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Psychotic Depression Test

Psychotic  Depression

Although rare, Psychotic depression (PMD) affects a sizable number of people across the globe. It usually occurs in episodes, meaning that it only lasts for a period of time. It an however become chronic in which case one can experience episodes often. PMD is actually a sub-type of major depression.

A major symptom of Psychotic depression that you can experience is to become paranoid. You experience delusion, developing beliefs and feelings that are otherwise unfounded and cannot be supported by any facts. This is usually the result of misinterpreting past events. What happens is that you remain always suspicious and have a wrong belief that others are not only paying attention to what you do but are also against you. The feeling of guilt you come to develop results from the wrong belief that whatever it is that you are going through stems from your past mistakes, which you are being punished for.

You are also likely to develop a wrong and strong belief that there is something very wrong with your body or physical attributes. You come to believe that you do not resemble others when there is nothing actually wrong with you. Although very rare, you may at times experience hallucinations; hearing and seeing things that others around you do not hear or see. Other symptoms you are bound to experience include lack of sleep and memory loss. Like with any other type of depression, you are bound to have suicidal thoughts.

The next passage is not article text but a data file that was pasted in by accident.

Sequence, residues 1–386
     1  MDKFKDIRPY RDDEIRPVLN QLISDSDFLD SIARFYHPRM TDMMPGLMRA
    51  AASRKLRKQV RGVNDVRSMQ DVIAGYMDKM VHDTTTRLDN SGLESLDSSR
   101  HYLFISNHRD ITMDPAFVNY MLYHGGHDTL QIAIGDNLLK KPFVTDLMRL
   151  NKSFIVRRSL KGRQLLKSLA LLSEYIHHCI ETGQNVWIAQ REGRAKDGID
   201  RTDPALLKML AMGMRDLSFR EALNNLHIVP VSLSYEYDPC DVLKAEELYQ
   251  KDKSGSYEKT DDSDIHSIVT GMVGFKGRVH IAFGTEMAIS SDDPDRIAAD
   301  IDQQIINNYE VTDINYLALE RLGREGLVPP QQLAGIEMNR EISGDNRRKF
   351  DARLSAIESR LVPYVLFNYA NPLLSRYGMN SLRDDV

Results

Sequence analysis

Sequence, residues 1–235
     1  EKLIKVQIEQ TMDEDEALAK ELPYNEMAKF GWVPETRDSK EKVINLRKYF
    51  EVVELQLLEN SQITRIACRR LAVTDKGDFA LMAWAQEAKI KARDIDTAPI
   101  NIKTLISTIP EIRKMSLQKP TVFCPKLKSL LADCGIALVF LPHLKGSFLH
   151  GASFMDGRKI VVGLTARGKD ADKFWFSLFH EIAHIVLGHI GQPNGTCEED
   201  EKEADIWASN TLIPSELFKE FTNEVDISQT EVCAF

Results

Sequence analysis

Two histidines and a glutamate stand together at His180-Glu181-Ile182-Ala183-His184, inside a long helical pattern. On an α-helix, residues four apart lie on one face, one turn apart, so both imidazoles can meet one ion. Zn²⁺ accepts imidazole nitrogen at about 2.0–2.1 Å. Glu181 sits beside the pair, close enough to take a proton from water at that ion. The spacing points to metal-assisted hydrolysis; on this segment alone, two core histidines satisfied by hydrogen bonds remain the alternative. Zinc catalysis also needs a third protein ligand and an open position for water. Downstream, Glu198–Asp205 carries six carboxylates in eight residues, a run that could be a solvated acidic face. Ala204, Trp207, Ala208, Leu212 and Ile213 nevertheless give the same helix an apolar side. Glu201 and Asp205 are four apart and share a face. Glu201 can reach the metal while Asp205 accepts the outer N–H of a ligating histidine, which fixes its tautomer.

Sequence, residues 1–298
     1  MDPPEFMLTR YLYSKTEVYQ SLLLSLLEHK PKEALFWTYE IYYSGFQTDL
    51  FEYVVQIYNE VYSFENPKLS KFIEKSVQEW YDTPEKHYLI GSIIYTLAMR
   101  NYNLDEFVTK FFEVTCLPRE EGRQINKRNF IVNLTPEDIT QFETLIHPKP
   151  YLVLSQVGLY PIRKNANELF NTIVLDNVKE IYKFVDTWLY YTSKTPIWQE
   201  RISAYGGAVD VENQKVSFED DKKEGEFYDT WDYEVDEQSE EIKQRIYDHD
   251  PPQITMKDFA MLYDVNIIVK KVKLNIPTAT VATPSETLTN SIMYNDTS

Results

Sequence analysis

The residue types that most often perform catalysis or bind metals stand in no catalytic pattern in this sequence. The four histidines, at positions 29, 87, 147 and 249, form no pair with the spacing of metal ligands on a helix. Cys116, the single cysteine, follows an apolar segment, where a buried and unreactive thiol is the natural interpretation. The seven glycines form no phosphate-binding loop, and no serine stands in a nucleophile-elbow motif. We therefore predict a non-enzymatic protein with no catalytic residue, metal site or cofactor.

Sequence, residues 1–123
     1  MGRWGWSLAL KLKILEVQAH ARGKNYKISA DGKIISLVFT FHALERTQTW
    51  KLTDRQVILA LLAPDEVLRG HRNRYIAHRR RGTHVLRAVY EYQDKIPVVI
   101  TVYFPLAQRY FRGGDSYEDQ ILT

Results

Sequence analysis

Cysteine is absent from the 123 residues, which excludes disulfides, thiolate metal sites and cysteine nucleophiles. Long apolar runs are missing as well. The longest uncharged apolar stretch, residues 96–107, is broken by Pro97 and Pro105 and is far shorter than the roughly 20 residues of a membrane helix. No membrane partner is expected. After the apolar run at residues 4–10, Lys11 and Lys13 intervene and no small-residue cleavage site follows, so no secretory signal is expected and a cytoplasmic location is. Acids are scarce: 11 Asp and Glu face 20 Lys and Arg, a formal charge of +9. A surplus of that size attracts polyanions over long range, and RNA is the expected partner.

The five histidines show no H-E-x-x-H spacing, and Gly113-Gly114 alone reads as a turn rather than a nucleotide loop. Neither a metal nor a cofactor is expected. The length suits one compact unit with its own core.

It can be very difficult to know if you have Psychotic depression. This is because most episodes occur at the age between 20 and 40 years and can only last for up to two years before fading away. You may also experience between 4 and 9 episodes in your lifetime. Unlike other types of depression, you are bound to continue living a normal life without any serious effects. Psychotic depression is largely thought to be caused by an over-activated hypothalamic pituitary adrenal axis, which is the stress hormone axis. Other likely causes include negative changes in the brain that occur due to low barometric pressure.

Effective treatment for Psychotic depression is only possible with establishment of the cause. Various treatment options are otherwise available. An interesting feature of the condition is that it does not respond to monotherapy treatments. A combination of treatment methods is the only way to dealing with the condition. Combinations of selective serotonin reuptake inhibitors and tricyclic antidepressants and electroconvulsive therapy treatment options are the most popular. There are several other treatment options still under development.

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